Buddy crowdfunded smartwatch claims a battery life of 10 days

One of the challenges smartwatch makers face deals with the tiny batteries that power these things. That’s why Bluetooth Smart (or Bluetooth 4.0) technology is so great. It consumes only a fraction of the power required by previous Bluetooth implementations and can wake up devices nearly instantaneously.

Enter Buddy, a crowdfunded Bluetooth smartwatch with a claimed battery life of as much as ten days, or an impressive two weeks on standby. Besides telling time, the Buddy also relays notifications from your iOS, Android or Windows Phone devices, lets you control music playback, place calls, receive and display data from your device like turn by turn navigation, display your media like pictures and more…

The team is asking for $320,000 to build the first run. So far, they’ve raised a cool$42,000.

Here, key features:

• thickness: 8 mm
• screen: tactile, capacitive, 2″ ultra high contrast panel
• buttons: just one, on the left bottom corner
• Bluetooth: Bluetooth 4.0 (Smart)
• SoC: MTK
• memory: internal 8 GB
• frame: metal
• band: elastomer
• USB port: at the end of the band USB port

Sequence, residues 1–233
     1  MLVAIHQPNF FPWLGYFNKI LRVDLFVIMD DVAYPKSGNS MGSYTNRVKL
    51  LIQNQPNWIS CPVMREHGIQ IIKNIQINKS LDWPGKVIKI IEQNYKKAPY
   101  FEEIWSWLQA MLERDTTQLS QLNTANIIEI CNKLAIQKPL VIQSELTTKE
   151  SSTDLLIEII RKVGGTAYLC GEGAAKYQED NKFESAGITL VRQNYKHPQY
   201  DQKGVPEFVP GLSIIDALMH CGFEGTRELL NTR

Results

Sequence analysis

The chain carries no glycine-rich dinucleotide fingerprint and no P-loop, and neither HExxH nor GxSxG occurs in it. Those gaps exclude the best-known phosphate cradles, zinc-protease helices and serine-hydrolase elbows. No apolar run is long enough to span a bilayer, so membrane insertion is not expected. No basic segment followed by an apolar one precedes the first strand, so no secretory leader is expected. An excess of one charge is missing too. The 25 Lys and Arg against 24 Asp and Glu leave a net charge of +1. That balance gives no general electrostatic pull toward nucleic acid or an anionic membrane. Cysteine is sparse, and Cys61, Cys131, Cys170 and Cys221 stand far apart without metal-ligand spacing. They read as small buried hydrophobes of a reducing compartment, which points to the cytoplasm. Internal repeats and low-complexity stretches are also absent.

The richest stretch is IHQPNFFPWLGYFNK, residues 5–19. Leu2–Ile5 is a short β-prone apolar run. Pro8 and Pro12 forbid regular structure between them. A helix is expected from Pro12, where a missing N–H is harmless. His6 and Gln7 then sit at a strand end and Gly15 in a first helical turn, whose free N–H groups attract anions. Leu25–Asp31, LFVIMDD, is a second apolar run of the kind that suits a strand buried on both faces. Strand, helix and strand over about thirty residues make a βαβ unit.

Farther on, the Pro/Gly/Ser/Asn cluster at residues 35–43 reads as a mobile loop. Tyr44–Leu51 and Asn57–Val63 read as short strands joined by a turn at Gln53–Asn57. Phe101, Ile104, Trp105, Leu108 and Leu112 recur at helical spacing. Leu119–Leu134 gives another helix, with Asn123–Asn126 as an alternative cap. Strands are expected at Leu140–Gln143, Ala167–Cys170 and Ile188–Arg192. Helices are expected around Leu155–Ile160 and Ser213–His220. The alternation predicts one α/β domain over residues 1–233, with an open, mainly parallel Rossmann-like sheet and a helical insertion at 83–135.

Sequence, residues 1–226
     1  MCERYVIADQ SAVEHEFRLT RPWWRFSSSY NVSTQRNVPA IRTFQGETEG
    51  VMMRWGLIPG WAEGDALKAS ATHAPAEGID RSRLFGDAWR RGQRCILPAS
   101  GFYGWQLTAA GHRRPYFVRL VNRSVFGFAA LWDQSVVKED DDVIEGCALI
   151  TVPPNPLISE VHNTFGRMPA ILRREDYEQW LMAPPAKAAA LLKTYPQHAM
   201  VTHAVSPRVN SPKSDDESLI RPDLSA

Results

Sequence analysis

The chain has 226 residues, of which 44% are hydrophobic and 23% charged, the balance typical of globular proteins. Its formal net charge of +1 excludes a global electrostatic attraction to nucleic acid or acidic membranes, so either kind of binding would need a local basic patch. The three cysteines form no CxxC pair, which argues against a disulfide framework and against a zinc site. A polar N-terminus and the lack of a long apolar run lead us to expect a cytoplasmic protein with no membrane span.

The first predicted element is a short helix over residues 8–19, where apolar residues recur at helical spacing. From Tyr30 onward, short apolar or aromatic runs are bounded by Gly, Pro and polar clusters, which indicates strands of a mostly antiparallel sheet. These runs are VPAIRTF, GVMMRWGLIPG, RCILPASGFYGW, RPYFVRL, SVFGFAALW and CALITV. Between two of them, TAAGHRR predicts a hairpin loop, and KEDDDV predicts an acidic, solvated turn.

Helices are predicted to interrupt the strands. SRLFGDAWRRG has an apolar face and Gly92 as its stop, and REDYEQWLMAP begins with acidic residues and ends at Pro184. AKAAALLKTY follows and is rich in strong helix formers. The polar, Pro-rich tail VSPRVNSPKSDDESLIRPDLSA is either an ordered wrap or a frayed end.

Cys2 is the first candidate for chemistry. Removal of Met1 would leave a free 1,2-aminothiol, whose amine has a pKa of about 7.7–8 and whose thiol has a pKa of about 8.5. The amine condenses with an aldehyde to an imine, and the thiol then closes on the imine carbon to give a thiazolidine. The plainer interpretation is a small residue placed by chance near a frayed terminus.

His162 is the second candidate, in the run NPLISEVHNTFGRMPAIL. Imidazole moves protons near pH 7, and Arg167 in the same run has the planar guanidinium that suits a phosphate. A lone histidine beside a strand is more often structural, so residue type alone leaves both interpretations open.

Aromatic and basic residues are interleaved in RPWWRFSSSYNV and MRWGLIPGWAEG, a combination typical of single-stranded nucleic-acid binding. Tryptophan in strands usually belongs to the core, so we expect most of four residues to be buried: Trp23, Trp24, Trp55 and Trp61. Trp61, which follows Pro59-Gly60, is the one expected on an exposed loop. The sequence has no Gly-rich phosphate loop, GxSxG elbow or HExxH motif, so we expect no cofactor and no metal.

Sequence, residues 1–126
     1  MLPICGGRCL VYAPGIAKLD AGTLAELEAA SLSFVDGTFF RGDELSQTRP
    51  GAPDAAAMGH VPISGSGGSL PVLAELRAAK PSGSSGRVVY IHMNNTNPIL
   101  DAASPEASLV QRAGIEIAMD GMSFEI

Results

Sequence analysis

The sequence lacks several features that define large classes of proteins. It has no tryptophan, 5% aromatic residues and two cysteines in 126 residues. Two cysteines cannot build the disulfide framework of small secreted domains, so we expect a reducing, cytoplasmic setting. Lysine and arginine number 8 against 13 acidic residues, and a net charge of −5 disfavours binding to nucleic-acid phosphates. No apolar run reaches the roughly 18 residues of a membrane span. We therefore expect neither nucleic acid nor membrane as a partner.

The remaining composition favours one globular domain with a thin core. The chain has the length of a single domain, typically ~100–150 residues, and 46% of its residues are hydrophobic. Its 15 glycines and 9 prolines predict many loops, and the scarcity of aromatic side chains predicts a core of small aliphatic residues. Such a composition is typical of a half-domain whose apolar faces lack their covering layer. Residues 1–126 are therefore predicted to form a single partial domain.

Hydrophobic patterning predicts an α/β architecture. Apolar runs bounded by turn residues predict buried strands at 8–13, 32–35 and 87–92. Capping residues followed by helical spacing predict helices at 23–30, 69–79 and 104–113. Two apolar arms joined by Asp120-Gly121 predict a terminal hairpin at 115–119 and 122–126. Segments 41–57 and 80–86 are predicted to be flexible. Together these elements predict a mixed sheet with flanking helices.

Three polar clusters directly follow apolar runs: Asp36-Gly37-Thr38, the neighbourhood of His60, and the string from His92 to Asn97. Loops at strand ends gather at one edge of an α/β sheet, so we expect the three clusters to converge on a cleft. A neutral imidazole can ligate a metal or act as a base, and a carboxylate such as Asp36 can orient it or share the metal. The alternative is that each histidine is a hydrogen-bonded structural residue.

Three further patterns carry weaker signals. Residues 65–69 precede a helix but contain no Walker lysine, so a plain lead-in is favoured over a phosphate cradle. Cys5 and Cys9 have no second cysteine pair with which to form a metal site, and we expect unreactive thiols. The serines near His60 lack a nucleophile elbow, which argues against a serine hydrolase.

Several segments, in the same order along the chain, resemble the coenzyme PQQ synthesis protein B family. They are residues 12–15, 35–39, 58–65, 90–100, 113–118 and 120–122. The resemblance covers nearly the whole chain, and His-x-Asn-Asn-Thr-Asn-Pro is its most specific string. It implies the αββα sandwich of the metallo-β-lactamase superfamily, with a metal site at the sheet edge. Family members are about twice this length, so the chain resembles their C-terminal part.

• battery life: 10 days or 2 weeks standby
• water-resistant: 3ATM
• shock resistant: yes 
• OS support: iOS / Android / Windows Phone

Mind you, this tiny smartwatch features a two-inch capacative color touchscreen and packs in eight gigabytes of flash storage. And because it works over Bluetooth 4.0, the Buddy works with iDevices that incorporate Bluetooth Smart, like the iPhone 5, fifth-generation iPad and latest iPads.

Here’s a photo of a black Buddy variant.

Vea Buddy smartwatch (black 001)

And a black Buddy next to a white iPhone 5.

Vea Buddy smartwatch (black, white iPhone 5)

It’s just 8mm thick, or 30 percent thinner than analogue watches.

Vea Buddy smartwatch (size comparison)

The team is targeting an August 2013 delivery to backers who are willing to support the project with a pledge of $150.

If you’re interested, head over to the Buddy page at the IndieGoGo web site.

[via TechCrunch]